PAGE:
Hamilton Herald Masthead


Front Page - Friday, September 1, 2023

Newsmakers: ArtsBuild to honor Holmberg award recipients

ArtsBuild created its Ruth Holmberg Arts Leadership Award  nine years ago to recognize individuals who have made significant contributions to the arts in Chattanooga and who are engaged in the cultural life of the community.

ArtsBuild’s board of directors will honor this year’s recipients Thursday, Sep. 14, as part of the organization’s inaugural InterMission fundraising event.

The event will be held at 8 p.m. at the Roland Hayes Concert Hall on the campus of the University of Tennessee at Chattanooga.

Award recipients will include:

Roland Carter: Born in Chattanooga, Carter served as a music professor at UTC for 24 years, and his undergraduate alma mater, Hampton University, for 25 years. Both appointments included leadership roles and director of choirs. As a leading figure in the choral arts, Carter’s accomplishments include lectures, workshops, master classes and concerts with major choruses and orchestras in prestigious venues nationwide. He is especially noted as an authority on the performance and preservation of music of African American traditions and composers.

Vincent Oakes: Oakes holds a Bachelor of Music Education degree from the University of Florida and a Master of Sacred Music degree in choral conducting from Emory University. He’s entering his 20th year as artistic director of the Chattanooga Boys Choir, a group which includes over 120 choristers aged 8-18 in five ensembles and has performed and toured extensively. He’s also the director of choral music at The Baylor School in Chattanooga. Under his direction, the choral program has more than tripled in size. He has received numerous awards for teaching and service. An advocate for arts education, choral and community partnerships, Oakes has founded several initiatives in the Tennessee Valley region.

Peggy Wood Townsend: Townsend holds a Bachelor of Arts from Rhodes College and a Master of Arts in arts administration from the University of Cincinnati. During her long career in the arts in Chattanooga, she has worked in the education department at the Hunter Museum of American Art, became the first full-time director of the Association for Visual Artists, and was coordinator of the Department of Arts and Culture for Chattanooga Parks and Recreation. Townsend oversaw the creation of the city’s first public art plan and served 10 years as director of Public Art Chattanooga. She and her husband, Stan Townsend, own Townsend Atelier, an independent visual art school in Chattanooga.

Stan Townsend: Stan Townsend holds a Bachelor of Arts and a Master of Fine Arts from East Tennessee State and is an accomplished working artist. He owned and operated Townsend Gallery and was one of the founders of AVA. He was assistant director of the Hunter Museum of American Art and taught art there, as well as UTC and Chattanooga State.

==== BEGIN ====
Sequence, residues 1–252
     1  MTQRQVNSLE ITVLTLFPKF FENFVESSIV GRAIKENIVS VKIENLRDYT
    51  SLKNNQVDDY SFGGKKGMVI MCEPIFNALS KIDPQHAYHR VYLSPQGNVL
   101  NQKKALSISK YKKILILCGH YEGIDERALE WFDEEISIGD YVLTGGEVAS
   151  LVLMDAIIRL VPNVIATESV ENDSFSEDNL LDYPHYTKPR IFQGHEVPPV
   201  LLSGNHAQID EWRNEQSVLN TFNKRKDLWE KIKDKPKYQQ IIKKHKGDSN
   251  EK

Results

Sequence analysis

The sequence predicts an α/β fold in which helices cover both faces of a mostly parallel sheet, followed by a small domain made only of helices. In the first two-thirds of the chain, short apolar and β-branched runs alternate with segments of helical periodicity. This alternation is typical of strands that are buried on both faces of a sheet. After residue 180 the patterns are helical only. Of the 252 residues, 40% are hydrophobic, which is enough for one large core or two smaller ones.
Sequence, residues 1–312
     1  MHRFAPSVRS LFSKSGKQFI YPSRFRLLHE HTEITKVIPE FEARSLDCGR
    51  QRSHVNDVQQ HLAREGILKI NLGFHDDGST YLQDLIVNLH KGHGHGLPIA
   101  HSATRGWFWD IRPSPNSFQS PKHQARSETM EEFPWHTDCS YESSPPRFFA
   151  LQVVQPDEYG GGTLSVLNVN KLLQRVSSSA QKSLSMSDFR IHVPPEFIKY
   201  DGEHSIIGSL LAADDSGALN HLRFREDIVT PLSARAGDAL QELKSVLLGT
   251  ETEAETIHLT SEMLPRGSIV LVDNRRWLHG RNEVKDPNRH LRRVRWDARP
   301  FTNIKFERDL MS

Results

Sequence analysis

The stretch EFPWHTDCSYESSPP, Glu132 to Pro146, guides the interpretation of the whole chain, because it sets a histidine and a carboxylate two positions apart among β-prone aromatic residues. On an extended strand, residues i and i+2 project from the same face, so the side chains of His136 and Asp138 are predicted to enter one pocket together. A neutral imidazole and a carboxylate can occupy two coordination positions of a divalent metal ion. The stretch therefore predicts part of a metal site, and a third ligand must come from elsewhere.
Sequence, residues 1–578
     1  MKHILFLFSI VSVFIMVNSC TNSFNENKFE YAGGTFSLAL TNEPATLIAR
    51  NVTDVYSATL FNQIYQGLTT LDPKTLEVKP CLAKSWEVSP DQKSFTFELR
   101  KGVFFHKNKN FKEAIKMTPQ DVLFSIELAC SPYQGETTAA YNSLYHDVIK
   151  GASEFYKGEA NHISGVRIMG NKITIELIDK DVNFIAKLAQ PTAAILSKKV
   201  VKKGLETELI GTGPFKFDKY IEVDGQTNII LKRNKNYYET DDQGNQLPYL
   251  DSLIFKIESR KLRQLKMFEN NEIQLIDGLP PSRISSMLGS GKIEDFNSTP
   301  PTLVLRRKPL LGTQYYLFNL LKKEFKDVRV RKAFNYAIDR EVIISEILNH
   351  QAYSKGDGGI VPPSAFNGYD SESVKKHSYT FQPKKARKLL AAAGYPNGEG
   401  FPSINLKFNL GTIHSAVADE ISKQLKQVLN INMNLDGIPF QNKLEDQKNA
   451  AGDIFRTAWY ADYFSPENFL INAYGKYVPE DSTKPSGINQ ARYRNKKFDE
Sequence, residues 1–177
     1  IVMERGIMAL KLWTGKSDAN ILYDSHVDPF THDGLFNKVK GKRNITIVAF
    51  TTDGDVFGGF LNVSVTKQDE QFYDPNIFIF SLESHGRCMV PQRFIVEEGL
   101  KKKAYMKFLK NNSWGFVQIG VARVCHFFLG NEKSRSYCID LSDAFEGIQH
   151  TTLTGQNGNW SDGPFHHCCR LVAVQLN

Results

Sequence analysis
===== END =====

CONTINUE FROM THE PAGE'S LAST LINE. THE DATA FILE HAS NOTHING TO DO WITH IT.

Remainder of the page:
“Stan Townsend’s work has been integral to Chattanooga’s intentional efforts to include the arts at the forefront of community revitalization projects in the city since the 1990s,” notes ArtsBuild in a news release.

These awards are named in memory of Ruth Holmberg, an iconic local business and civic leader and philanthropist for the arts and other causes during her life.

Purchase tickets at ArtsBuild.com/intermission.

Chattanooga hires first director of housing policy

The city of Chattanooga has hired its first director of housing policy, a position that will oversee the implementation of its housing objectives and services and work to develop “equitable and innovative housing solutions,” notes a news release. Sydney Shivers will report to Nicole Heyman, the city’s chief housing officer.

Shivers joins the City of Chattanooga from New Orleans, where she worked as the director of the Mayor’s Office of Community Assets. There, she led cross-departmental and cross-agency initiatives aimed at creating equitable, inclusive, amenity-rich neighborhoods.

Her work led to successful zoning-reforms that increased the diversity of housing opportunities in New Orleans neighborhoods and stewarded the Redevelopment Framework, a tool for driving public benefits by leveraging underutilized city-owned properties to create new housing opportunities.

As director of housing policy, Shivers will plan, manage and oversee the daily functions of the city’s housing policy initiatives. The role will also include evaluating the effectiveness of implemented policy through data analysis.

Shivers earned bachelor’s and master’s degrees in Urban and Environmental Planning from the University of Virginia. Additionally, she’s a candidate for a Master’s of Public Administration from the University of Pennsylvania.

U.S. attorney taps ADA Minor as special assistant

United States Attorney Francis Hamilton III has appointed assistant district attorney Charles Minor to serve as a special assistant U.S. attorney in the criminal division of the U.S. Attorney’s Office in Chattanooga.

This appointment is the result of a partnership between the U.S. Attorney’s Office and the Hamilton County District Attorney’s Office.

“Due to the extraordinary proliferation of crimes against children originating on the internet, we have joined efforts with district attorney Coty Wamp to fight crimes against children by a adding a specially appointed federal prosecutor to work these types of cases,” says Hamilton. “As an SAUSA, Minor will work with the district’s Project Safe Childhood program and other assistant U.S. attorneys to improve the program’s effectiveness.”

Minor has worked as an assistant district attorney for Hamilton County, where he has focused on prosecuting child abuse and child exploitation cases, homicide, violent crimes and drug cases, since 2006. He holds a degree from UTC and a Juris Doctor from Northeastern University in Boston.